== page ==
16. Did she just call fry the SSH of this board? You ROCK heligirl!
  17. To get 1000 hrs, you'll need ~800 hrs beyond commercial. You'd need 4 students going to commercial (~200hrs ea); 20 going to private (~40hrs ea); or some number in between. 15 sounds reasonable. That works out to ~53 hrs. per pilot, which would account for some going to commercial, some private and some stopping before that. And no, I don't think it's humanly possible to take on 15 students at once and do a quality job, One of the instructors at my school seems to have a GOM job lined up when he hits the 500hr mark. z
  18. It all depends--if you want to be able to sleep and fly at the same time, go for planes
  19. The same way the Coanda effect has only been around for ~100 years. z
  20. fallguy, I imagine you're in an R-22, correct? I believe you have to have 20 to solo in that. I was in the 300C, which has no such requirement. I tend to agree--if you're going all the way to commercial, it probably doesn't really matter how long it takes (up to a point). As for me, I reached my goal of soloing, so I'm done for now. I also flew with 3 different instructors (all of whom are high-time prior military IPs). I had a similar exprience to yours--each one had different communication and teaching styles, and it ended up being very helpful to have the same basic things coming at slightly different angles. z
  21. It's a little known fact that Coanda's drive to succeed was fueled by intense jealousy that Newton had already invented gravity.
  22. "There are three kinds of lies: lies, d@m* lies and statistics." (Mark Twain) "If you torture statistics long enough, they'll confess to anything" (Unknown)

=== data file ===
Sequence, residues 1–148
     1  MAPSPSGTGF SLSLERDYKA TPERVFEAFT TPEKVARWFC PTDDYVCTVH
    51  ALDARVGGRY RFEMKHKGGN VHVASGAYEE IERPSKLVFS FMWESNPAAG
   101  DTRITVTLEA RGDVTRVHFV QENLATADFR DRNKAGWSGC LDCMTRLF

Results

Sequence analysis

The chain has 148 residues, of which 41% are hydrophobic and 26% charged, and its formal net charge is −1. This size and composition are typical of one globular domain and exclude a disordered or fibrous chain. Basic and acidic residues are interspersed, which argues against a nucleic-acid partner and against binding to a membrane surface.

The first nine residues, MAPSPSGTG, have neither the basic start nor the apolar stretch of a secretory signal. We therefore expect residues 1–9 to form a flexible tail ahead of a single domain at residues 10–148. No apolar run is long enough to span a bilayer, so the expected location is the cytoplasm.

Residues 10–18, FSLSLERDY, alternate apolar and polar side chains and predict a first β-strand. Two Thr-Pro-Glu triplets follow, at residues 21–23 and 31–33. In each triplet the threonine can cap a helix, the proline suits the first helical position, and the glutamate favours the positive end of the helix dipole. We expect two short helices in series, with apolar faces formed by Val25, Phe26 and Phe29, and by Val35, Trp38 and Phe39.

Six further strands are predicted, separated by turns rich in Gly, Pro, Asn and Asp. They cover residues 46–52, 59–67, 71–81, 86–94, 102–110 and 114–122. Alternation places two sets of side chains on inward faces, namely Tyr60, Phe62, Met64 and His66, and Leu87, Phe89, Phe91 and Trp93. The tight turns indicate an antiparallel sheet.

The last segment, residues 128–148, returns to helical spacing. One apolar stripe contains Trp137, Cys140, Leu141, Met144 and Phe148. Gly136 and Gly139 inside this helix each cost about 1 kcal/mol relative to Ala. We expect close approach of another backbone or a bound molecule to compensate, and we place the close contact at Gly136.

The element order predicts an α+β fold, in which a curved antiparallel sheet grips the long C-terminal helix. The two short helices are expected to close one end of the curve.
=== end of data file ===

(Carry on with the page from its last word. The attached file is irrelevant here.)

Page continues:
23. OK, this whole "pyramid scheme" idea...first of all, this post really does relate to the helicopter industry, but you'll probably have to follow through to the end. Most people refer to multi-level marketing schemes as pyramid schemes, and they are distinctly different. The Federal Trade Commission has in-depth explanations of the differences. In actuality, many multi-level marketing plans actually can work if you work them. The reasons most people fail at them are numerous: lack of real motivation and persistence not handling rejection well not wanting to take advantage of people you know not wanting to walk on the edge of deceiving people to make it work a lack of ability or desire to be a salesman (no matter what they tell you, you have to be a master salesman) etc., etc., etc. None of which have anything to do with whether the there are enough "slots"(people) to make it work. Likewise, I'm sure that the reasons most people start helicopter training and end up not having a career in the industry have very little to do with the fact that there simply aren't enough slots. Are there some of those cases? Sure. In those cases, if the person had persevered and refused to fail, would they eventually get a job? Probably in a lot of instances. I submit that you can look at success/failure rates until your pets' heads fall off, and you still won't find the real answer you're looking for, because of a couple of reasons: The people who have failed aren't available to give their input When people fail at something, there are generally two reasons why: a)the one that they tell you and b)the real reason. Having had some experience in a multi-level marketing scheme during my younger years, I can tell you again that they can indeed work for people who put in the effort the way they're taught. The problem is that somewhere around 98% of people simply aren't, and never will be, willing and able to force themselves to be master salesmen. Likewise, I'd bet a couple of paychecks that many of the ~15% that start out to become helicopter pilots and never land a job (according to previously quoted statistics), fall into a similar scenario--for whatever reason, they weren't willing to do whatever it took to see it to the end. In a MLM business, the success/failure rate itself doesn't really tell you anything. The correct question to ask is, "What does it really take to succeed?" Most of the time you won't get a straight answer, because being told that one needs to be a great salesman will turn off almost everyone. Same with the helicopter industry--the real question isn't "What is the success rate?", or even, "Why do people fail?" but "What does it take to make it a viable career?" Make sure you're asking the right question. You need to find out what it really takes and decide if you're willing to pay the price. The difference here is that you're very likely to get the straight answer. Maybe a bit of a rant, but hopefully I was able to get my point across. z